"Ghana Is Broke, Don’t Expect Freebies In 2022 Budget" – Analysts

Economic analysts want Ghanaians to lower their expectations of freebies in the 2022 budget expected to be presented before Parliament on Wednesday, November 17, 2021.

According to them, this is due to the fact that the Ghanaian economy at the moment is broke.

The Director of Business Operations at Dalex Finance, Joe Jackson, and the Editor of the Goldstreet Business newspaper, Toma Imihere on Point of View on Monday, said the economy is in a dire situation, and that urgent steps must be taken to inject capital to sustain it.

According to Joe Jackson, the inadequacy of revenues raised, high debt servicing rate, and the huge borrowing of the government make it difficult to announce interventions meant to cushion citizens.

He said with the markets now reluctant to lend to Ghana on the basis of the dire economic situation the country finds itself in, the 2022 budget must focus on increasing investor confidence and impressing upon lenders that Ghana is doing its best to stabilize the economy.

“The budget must signal better management to the market so that we can borrow because we still have to borrow. They have to know that we are doing our best to manage our affairs so that we can borrow at reasonable rates,” he said.

He said in order to raise more revenue, the government must go beyond the digitization drive, and broaden the tax net, and introduce progressive taxes that levy the wealthy and luxury. He also kicked against the tax exemptions granted to private companies in the country, stating that it affects the government’s revenue generation drive.

“The mere fact of identifying somebody, although it is excellent, will not solve the problem. Unless someone is willing to follow up and ensure the taxes are collected. The taxes should be such that the rich pay more… These tax exemptions are troublesome,” he indicated. Meanwhile, Toma Imihere said Ghana’s reputation on the bond market has waned and steps must be taken to restore investor confidence in the country’s economy.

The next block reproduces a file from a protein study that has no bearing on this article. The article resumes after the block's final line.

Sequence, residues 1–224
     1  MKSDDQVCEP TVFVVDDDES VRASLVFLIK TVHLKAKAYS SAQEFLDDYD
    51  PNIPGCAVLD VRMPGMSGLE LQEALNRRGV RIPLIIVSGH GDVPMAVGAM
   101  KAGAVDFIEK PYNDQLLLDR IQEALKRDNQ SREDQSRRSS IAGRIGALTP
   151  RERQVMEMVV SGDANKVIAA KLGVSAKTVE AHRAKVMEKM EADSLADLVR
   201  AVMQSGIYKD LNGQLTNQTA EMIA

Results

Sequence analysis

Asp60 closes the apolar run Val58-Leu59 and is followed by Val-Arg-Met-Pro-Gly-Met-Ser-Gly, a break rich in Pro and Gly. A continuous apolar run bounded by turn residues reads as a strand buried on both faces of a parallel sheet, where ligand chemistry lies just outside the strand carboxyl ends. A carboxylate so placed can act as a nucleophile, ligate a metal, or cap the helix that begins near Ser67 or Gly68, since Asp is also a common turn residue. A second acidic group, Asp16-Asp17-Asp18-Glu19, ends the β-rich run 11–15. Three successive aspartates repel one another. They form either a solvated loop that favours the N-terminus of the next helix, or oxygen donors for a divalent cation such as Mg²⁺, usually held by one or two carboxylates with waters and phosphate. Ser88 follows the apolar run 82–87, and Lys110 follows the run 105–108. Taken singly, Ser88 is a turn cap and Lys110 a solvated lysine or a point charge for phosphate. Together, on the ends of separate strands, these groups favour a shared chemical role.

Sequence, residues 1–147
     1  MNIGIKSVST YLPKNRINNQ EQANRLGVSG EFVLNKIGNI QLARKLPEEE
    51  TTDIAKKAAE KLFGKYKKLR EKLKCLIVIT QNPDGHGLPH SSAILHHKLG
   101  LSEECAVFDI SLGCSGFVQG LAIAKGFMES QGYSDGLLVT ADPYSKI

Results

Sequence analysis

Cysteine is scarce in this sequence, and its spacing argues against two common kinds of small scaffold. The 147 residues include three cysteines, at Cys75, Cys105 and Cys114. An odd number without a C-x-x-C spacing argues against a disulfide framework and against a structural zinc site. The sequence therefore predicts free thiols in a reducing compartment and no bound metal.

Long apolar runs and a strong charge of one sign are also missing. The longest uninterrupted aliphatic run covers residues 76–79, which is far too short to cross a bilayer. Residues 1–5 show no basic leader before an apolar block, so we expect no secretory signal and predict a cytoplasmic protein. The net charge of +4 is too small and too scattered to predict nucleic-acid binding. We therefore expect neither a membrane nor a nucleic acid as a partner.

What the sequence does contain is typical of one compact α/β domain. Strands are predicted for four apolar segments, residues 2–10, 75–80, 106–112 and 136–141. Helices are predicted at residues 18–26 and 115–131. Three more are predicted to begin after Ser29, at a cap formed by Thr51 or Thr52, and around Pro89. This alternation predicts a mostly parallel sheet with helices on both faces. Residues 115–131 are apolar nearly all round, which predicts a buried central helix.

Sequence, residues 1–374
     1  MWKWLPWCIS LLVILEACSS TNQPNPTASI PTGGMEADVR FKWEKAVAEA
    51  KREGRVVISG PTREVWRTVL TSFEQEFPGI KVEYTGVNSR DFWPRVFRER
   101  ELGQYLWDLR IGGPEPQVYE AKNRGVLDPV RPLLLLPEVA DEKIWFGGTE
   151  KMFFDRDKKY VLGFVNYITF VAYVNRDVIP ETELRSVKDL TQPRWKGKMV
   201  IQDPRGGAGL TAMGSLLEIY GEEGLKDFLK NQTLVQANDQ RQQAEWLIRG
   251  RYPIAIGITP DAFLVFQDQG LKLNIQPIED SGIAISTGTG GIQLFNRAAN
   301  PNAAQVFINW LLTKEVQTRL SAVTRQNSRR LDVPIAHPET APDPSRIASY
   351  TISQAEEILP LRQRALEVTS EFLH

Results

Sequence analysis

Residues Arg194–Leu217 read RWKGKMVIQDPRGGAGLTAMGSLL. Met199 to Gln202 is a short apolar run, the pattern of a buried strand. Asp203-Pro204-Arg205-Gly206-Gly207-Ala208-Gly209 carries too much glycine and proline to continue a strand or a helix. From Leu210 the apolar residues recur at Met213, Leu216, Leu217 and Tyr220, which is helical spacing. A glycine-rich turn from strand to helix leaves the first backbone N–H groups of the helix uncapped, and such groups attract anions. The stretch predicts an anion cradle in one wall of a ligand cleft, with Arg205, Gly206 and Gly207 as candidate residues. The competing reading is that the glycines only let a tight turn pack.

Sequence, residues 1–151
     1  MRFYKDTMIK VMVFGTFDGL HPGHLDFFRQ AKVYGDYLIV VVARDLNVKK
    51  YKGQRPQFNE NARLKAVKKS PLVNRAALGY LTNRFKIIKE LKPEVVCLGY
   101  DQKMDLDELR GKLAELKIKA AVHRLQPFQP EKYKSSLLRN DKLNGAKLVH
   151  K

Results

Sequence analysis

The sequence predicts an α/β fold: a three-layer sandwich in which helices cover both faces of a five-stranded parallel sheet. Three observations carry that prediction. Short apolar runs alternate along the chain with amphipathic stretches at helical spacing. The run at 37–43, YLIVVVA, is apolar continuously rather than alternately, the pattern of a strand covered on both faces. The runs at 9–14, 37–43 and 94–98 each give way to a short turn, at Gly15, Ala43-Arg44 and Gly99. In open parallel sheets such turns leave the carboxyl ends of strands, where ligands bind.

He said Ghana’s recent adventure on the bond market did not turn out well and with very little, the government can do about it, it must consider other domestic options to get enough revenue to finance its planned projects and service its growing debts.

“Even the willingness of people to lend to us is gone. When went to the bond market in March, we said we were going to take $5 billion dollars if the price was right, eventually, we were offered $6 billion dollars but the problem was that half of it, the prices, the interest rate were too high for us so we got only $3 billion. The government said it was oversubscribed but that is not true,” he said.

He accused the government of failing to go after the elite and political class to raise revenue to fix the dire circumstances of the economy and instead introducing taxes that make the poor worse.

“Our political elites are self-serving. The people who set the tax laws don’t want to put taxes where they will pay more,” he observed.

The Minister for Finance, Ken Ofori-Atta is expected to deliver the 2022 national budget to parliament on November 17, 2021.

Before the budget is read, there are already several demands on things the government must do including demands from aggrieved Menzgold customers for a relief package for them in the budget.

The Association of Ghana Industries (AGI) is also making a case for the government to remove the 50% benchmark value as the Ghana Union of Traders Association (GUTA) is also appealing to the government to maintain it.

Credit: Citinewsroom